Checked out the Richard Serra show at SFMOMA last weekend and it was quite stunning. The images I was able to find online don't really do it justice--I couldn't find one, for instance, that shows what it feels like to stand between two of his monumental black canvasses that reach all the way up to the ceiling, set up facing one another on opposite sides of a relatively small gallery. It's really one of those shows that has to be seen in person. But nonetheless, I do offer the following, just to give you a bit of a sense of it.
Thursday, November 10, 2011
October 18, 2005
I’ve been thinking a lot
about space and time and freedom
desire and domesticity and duty
geography and authenticity and self
about the state of affairs with Bill’s work
and the dealing we continue to do with it
Which we discussed well over dinner on Friday
about the difference between
being attuned to the unique nature of your own experience
and being self-absorbed
Thoughts that occupy my brain
can sometimes blind me to the world
which is alright since they need to be thought sometime
but I don’t want to miss the closed-up tiny yellow and orange tulips
the man lifting the small girl up onto his shoulders
the smell of sweet onions and garlic browning in butter and olive oil
image source is here
Wednesday, November 9, 2011
So, I am now on Twitter, in a mostly quasi-professional way--I chat about my books, link to these blog posts, do the whole Friday Reads thing, and so forth. But while the tweeting is sort of fun, what I've found to be much more useful in relation to book publishing is the reading. You wouldn't know it from the bad vapid rep 140-charater messaging receives, but it turns out all kinds of interesting editors, authors, publishers, artists, etc, really are on there, and really do have interesting things to say. Sure, there's a fair bit of flogging of one's own projects (I'd be the first to admit I do that, too!), but there's also quite a lot of interesting publishing gossip and intelligence to be found. And since you control who you follow, you simply don't have to see all the stupid you don't want to see. I realize I'm a bit late to the party on this one--by nature I'm a late adopter. But I've been pleasantly surprised. For instance, the handy site wefollow offers up the most influential tweeters (twitterers? twitizens?) across all kinds of subjects and industries, including publishing (note #12 below, not to shabby for a small independent house!).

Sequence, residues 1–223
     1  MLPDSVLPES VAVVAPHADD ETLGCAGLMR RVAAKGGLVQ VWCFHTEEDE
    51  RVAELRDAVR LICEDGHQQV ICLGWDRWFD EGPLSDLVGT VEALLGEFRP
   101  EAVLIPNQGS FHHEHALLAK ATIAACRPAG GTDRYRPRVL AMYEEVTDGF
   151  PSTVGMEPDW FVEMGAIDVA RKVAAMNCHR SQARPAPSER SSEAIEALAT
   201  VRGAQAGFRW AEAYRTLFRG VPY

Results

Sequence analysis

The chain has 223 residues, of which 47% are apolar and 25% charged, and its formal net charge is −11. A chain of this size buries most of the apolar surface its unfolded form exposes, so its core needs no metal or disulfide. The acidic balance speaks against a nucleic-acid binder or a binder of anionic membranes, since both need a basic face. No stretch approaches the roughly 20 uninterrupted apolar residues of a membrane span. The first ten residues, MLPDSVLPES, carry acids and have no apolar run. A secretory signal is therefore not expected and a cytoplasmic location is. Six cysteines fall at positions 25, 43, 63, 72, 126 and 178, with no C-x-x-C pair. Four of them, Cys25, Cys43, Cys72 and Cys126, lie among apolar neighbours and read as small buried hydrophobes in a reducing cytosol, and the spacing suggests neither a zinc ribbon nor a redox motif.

Tuesday, November 8, 2011
With sixteen mayoral candidates and half a dozen hotly contested city ballot measures, the sheer volume of junk mail flyers and junk phone calls (both robotic and human--our favorite was last night's call where a computer voice declared "Hello! This is not a robocall!") has been frankly overwhelming. What a relief to step outside on a cool, crisp, sunny autumnal morning, walk down and around the corner to the polling place, stick your absentee ballot directly into the slot in the lid of the big red plastic box, slap your Ya Vote! sticker onto the lapel of your brand new bright blue winter coat and be on your way, secure in the knowledge that your civic duty is done for today.
Monday, November 7, 2011
Here, as promised, if somewhat belated, is the weekly Polaroid from a week ago, showing Mabel capering about in the street outside our home, trying on her Halloween costume. I must admit am completely enamored of this photo. So. There you go.
Friday, November 4, 2011
Today's art book is a wonderful small volume called Feast (now sadly out of print) by the immensely talented Maria Vettese and Lena Corwin--who publish books by themselves and other artists under the imprint Lines & Shapes. This is one of those books that flips over and tells a different story, in this case in images, from each side. So one half is photos by Maria of sumptuous various dinners (first two images below), and the other half is pictures by Lena of a sweet dessert party (third and forth photo below). It's exactly the kind of real-life food photography I just love. Also tucked inside is a sheet of paper with relevant recipes from each photo essay (couldn't get a decent photo of that to save my life, so you'll just have to imagine it). Oh, and the book comes in a little slipcase sleeve. The whole thing is just utterly charming and pleasing to me. See for yourself--